Let us also not forget the fact that ‘Jinnah’s Pakistan’ was no bastion of federalist principles or respect for provincial autonomy. Ethnic nationalism, a legitimate force in any federal structure, was dubbed ‘parochialism’. Assemblies were dissolved in the then NWFP when that unit of the federation did not follow the path the centre wanted it to. Urdu was celebrated over Bengali. Fears of discrimination on the basis of ethnicity were sidelined instead of being engaged with and accommodated. All of a sudden, the rhetoric of nationalism took over. That you had been a Pathan or a Bengali was supposed to be put on the back-burner since after a ticking over of the clock on 14th August, 1947 you became a Pakistani. And somehow that was supposed to take care of everything. You were supposed to be united and just forget the actual human experience of an identity that mattered to you.

There is no doubt that Mr. Jinnah was a brilliant lawyer and an immensely skilled politician. But was he a long-term visionary? We should be able to question that because if the basis of Pakistan was an argument then this land must celebrate all arguments -- no matter how outlandish.

This was partly ‘Jinnah’s Pakistan’. It was not of his making entirely and he did not create all the problems but he did not have and could not have had a ‘vision’ for such a new country -- grappling with a multitude of issues.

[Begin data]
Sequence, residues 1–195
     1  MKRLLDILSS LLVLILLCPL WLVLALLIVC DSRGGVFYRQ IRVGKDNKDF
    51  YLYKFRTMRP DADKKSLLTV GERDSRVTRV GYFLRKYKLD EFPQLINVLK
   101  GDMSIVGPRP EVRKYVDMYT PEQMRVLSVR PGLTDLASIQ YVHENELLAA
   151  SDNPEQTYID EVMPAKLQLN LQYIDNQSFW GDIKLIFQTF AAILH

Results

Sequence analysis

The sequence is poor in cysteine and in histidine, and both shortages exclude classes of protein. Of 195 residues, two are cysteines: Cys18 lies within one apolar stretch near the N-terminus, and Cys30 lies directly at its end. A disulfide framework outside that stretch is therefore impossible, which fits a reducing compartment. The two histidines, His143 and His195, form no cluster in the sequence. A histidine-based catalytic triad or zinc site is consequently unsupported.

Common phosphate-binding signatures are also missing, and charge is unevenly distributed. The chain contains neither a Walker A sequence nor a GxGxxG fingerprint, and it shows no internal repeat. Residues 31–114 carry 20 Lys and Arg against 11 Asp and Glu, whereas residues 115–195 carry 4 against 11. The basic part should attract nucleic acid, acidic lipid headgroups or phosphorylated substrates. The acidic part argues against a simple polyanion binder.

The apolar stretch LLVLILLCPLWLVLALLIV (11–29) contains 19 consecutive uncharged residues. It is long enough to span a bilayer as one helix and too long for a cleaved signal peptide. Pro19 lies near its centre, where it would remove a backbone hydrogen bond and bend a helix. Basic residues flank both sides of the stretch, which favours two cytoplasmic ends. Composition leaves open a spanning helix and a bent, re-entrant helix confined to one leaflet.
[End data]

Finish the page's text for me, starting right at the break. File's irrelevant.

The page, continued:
Convenient arrangements were reached with local land-lords to compensate for the lack of Muslim League’s political base in the newly created Pakistan. Islam was the slogan and Pakistan was your blanket -- except that it could not be that way.

Was there great provincial autonomy in ‘Jinnah’s Pakistan’, was there great religious freedom? He did not have time, you say? Well then that is precisely the point. Why is ‘Jinnah’s Pakistan’ the benchmark then? What was his Pakistan? His statements depended on the audience and that is perfectly understandable. He was speaking to the world community, to the religious zealots, to the millions with hope in their hearts -- all at once.

There is no doubt that Mr. Jinnah was a brilliant lawyer and an immensely skilled politician. But was he a long-term visionary? We should be able to question that because if the basis of Pakistan was an argument then this land must celebrate all arguments -- no matter how outlandish.